The development of 2μm fibre laser technology is the focus of a €4.5 million European Union funded project that began in October.
Lasers that use 2μm fibre are expected to deliver a tenfold increase in power compared with current 1μm based technology. This increase will enable new uses in the areas of industrial processing, free space communications and medical procedures.
Called Integrated disruptive components for 2μm fibre Lasers (ISLA) and pronounced ‘eye-la’, the research will demonstrate transparent plastic cutting and photovoltaic cell scribing. The lasers used will be 2μm fibre continuous wave, pulsed and ultra-short lasers.
ISLA technical lead Dr Andrew Robertson said: ‘The main application will be materials processing. The long wavelength makes a big difference to absorption.’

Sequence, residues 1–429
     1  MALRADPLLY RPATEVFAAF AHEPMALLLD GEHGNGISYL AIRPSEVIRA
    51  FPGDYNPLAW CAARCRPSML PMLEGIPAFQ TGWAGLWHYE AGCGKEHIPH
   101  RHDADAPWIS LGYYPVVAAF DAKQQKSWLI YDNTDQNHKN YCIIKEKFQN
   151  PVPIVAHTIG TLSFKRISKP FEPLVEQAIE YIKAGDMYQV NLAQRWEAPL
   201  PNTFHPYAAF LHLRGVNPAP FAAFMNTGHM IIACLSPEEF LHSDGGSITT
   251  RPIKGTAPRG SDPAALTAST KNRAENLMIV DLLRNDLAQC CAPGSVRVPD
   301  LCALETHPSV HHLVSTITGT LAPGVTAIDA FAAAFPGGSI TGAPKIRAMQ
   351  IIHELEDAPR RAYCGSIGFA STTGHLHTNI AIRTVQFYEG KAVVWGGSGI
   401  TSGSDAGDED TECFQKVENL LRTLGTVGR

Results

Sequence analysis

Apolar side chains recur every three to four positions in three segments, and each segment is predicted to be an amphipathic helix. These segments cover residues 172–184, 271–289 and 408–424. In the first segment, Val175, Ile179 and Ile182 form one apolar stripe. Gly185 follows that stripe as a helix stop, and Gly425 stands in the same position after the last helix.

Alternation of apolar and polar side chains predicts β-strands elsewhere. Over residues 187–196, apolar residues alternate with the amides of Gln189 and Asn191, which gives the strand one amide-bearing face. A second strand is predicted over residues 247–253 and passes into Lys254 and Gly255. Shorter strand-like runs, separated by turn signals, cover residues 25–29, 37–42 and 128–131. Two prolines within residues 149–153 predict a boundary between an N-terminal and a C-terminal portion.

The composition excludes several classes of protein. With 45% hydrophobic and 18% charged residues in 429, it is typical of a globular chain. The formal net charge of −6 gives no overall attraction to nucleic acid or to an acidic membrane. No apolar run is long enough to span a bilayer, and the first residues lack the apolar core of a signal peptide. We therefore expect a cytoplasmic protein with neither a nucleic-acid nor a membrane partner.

An expected outcome of the research is improved laser absorption by plastics and glass. The project will develop a set of building block components and a tool kit of processes to define an integrated modular common 2μm fibre laser platform. This platform will consist of compatible and self-consistent fibre, components, laser diodes and processing techniques.
The project partners are Gooch and Housego, Rofin Sinar Laser, Oclaro, Time-Bandwidth Products, the University of Southampton, Trinity College Dublin, and Vivid Components.